Another right-wing extremist group has been discovered in the ranks of the police in the German state of Hesse. The state prosecutor is investigating 20 officers from the Frankfurt special operations unit (SEK) because they shared Nazi symbols in a chat group and engaged in hate speech.
On Wednesday morning, the state bureau of criminal police searched the apartments and workplaces of six members of the elite unit. Christian Democrat (CDU) Interior Minister Peter Beuth then announced Thursday the dissolution of the unit. “We are initiating a fundamental new start for the SEK,” he said. There will be a complete organisational restructuring and a new leadership culture, Beuth insisted.
“The future is of course unthinkable without our special forces,” he continued, “but under a different set of guidelines.”
According to the official version of events, the police were made aware of the group when they were investigating a 38-year-old officer last summer suspected of possessing child pornography. The confiscated phones and computers not only contained child pornography, but also pictures of Hitler, swastikas, and insults against asylum seekers that the officer shared with his colleagues in a chat group.
The Hesse state bureau of criminal police (LKA) took over the investigation in April this year. Like the SEK, the LKA operates under the direction of Interior Minister Beuth.
The government and opposition parties responded with feigned horror over the latest revelations. Beuth, for his part, described it as “totally unacceptable” for police officers from such a highly specialised unit to talk to each other in these types of chats. All police officers must “be aware at all times that any misconduct will be thoroughly investigated.” Given the accusations, he determined “that none of the accused people are any longer suited to serve in a special operations unit in Hesse.” Where it is legally possible, he added, they will be removed from the Hesse state police.
The president of the Frankfurt police, Gerhard Beresvill, declared at a press conference on Wednesday that the behaviour of which the officers are accused struck at the foundations of democracy and rule of law. “With a suspicion of misconduct, it is essential to intervene early and act decisively,” he stated. A thorough uncovering of the facts would be the top priority.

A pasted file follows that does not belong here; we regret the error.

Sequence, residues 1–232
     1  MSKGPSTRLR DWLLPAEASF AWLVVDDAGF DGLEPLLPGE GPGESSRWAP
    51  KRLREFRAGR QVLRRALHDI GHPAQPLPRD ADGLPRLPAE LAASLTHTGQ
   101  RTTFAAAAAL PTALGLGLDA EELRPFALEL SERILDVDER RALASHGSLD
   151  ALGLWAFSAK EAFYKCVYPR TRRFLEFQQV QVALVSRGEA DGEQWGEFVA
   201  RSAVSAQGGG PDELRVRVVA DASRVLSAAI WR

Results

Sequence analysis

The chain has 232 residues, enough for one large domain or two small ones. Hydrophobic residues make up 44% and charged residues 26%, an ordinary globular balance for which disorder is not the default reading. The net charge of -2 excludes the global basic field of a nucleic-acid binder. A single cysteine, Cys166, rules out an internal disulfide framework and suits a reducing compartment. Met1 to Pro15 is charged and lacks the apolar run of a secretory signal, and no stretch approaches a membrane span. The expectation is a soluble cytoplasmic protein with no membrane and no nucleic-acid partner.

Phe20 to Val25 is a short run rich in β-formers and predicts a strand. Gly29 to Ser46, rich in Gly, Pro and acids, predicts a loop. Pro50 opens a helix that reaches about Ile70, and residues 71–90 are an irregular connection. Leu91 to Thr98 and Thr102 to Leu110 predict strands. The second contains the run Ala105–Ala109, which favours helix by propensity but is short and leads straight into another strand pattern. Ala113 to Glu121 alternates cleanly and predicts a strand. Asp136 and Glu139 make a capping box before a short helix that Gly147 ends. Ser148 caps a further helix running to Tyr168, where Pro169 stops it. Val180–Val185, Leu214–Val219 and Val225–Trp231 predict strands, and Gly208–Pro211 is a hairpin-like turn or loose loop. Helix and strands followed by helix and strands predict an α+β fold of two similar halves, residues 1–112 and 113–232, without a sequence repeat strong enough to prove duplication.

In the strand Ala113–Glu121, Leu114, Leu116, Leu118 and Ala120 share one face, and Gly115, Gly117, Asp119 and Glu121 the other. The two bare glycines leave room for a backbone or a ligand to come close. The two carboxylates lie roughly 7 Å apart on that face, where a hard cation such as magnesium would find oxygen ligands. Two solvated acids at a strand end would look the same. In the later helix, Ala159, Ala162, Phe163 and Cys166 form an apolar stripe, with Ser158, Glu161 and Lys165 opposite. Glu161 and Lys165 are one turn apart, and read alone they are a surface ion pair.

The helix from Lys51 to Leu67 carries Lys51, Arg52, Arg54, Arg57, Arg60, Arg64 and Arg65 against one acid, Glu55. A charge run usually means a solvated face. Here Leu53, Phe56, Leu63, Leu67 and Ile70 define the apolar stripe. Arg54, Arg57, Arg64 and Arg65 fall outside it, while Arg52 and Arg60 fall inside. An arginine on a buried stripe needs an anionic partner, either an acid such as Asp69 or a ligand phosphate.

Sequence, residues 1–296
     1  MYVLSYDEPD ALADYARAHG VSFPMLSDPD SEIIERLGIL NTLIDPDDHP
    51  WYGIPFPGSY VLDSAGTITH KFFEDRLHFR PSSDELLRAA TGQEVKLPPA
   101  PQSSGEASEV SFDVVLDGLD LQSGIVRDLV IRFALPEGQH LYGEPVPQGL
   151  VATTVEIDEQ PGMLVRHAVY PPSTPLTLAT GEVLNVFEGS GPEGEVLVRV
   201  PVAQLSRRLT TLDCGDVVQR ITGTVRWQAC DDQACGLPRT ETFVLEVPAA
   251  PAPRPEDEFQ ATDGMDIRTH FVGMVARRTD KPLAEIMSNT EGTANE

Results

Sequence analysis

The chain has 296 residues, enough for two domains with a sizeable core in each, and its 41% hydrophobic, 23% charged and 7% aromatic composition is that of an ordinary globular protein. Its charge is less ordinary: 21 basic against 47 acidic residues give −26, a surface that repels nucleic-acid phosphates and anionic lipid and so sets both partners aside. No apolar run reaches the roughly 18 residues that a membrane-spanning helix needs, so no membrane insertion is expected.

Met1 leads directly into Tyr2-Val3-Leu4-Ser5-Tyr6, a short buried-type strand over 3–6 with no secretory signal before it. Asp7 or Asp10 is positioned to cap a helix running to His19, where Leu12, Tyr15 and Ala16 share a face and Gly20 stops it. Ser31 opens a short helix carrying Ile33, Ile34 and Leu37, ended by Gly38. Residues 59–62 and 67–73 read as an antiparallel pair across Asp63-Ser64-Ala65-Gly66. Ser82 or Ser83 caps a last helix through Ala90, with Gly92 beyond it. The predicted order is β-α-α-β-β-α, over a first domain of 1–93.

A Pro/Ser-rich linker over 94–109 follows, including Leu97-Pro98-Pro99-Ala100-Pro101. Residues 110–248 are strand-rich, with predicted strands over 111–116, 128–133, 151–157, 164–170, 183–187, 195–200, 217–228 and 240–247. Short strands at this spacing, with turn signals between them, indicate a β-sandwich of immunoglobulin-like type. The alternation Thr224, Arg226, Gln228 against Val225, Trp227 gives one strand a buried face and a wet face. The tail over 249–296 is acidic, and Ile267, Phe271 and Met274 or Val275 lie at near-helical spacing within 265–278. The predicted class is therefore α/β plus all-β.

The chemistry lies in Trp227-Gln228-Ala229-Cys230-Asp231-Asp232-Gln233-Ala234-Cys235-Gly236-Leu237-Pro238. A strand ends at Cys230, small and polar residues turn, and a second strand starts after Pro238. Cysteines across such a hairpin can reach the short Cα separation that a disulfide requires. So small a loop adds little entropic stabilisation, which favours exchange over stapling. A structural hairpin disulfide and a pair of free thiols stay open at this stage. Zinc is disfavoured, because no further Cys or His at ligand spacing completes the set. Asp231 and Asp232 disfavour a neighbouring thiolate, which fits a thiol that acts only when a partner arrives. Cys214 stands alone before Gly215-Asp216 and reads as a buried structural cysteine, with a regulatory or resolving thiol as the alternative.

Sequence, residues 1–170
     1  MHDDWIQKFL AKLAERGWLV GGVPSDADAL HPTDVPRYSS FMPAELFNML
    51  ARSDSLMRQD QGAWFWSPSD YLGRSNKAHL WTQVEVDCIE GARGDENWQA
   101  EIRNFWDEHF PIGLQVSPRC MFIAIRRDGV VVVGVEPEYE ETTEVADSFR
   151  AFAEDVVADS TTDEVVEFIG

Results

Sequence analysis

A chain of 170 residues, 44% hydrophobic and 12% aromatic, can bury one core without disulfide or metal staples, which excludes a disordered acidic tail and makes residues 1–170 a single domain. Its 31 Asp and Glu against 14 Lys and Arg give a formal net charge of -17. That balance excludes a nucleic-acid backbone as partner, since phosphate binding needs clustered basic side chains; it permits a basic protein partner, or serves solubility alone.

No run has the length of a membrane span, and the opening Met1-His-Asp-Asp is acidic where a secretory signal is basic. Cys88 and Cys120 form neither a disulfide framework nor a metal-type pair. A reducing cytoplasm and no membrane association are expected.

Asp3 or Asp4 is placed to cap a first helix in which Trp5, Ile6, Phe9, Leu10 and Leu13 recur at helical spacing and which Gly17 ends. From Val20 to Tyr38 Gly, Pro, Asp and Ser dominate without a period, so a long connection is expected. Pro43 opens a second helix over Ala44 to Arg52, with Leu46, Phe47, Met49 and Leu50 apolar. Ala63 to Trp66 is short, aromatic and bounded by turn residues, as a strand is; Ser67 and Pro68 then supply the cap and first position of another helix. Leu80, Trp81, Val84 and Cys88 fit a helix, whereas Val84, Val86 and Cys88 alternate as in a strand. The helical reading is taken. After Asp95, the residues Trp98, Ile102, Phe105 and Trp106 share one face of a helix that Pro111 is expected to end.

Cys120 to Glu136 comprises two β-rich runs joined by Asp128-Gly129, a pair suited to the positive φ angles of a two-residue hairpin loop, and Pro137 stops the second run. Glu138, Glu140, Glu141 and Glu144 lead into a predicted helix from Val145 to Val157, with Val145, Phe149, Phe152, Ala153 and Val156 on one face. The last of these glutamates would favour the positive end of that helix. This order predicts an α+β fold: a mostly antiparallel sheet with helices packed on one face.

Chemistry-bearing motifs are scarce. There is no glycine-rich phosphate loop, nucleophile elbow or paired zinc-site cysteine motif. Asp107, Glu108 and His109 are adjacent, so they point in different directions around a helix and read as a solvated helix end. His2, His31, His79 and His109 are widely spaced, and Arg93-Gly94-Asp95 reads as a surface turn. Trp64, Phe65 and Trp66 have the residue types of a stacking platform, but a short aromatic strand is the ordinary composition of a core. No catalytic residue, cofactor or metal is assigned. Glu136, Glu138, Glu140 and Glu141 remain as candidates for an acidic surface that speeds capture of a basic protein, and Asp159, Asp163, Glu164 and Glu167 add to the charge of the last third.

Beresvill claimed that the exposure has a positive side because it makes it possible to improve preventative work. “The fact that a small number of our colleagues still think that they don’t have to respect the rules of our profession incentivises us to continue and intensify efforts to correct our mistakes,” he said.
The head of parliamentary affairs for the Social Democrat (SPD) group in the Hesse state parliament, Günter Rudolph, raged, “This new case of right-wing extremist activity within the Hesse police explodes all dimensions.” He called on Interior Minister Beuth to finally take political responsibility.
The interior policy spokesman for the Left Party, Hermann Schaus, commented that one can “only watch the scandals produced by the Hesse police with cynicism.” Beuth must explain “how he intends to finally bring the Hesse police out of the negative headlines.”
These are all transparent efforts at a cover-up and to treat the population like fools. In reality, the Nazi chat group confirms that the state security agencies are teeming with right-wing extremist networks, and that these elements are protected and promoted by the state and the political establishment.
Hesse in particular, which is home to the banking capital Frankfurt, is a centre of this right-wing extremist conspiracy. It was in this state on the night of June 2, 2019 that Kassel district president Walter Lübcke was murdered by right-wing extremist Stephan Ernst, who had been surveilled by the intelligence services for 30 years. Ernst was active—like the members of the National Socialist Underground terrorist group—in the militant neo-Nazi milieu in Kassel, which was full of informants from the police and intelligence agencies.
The intelligence agent Andreas Temme, who supervised several right-wing extremist informants, was at the scene when the NSU murdered the internet cafe owner Halit Yozgat in Kassel. He was never called to testify and was working in Lübcke’s government department when Lübcke was murdered. The files on these events have been placed under lock and key for at least 30 years by Interior Minister Beuth.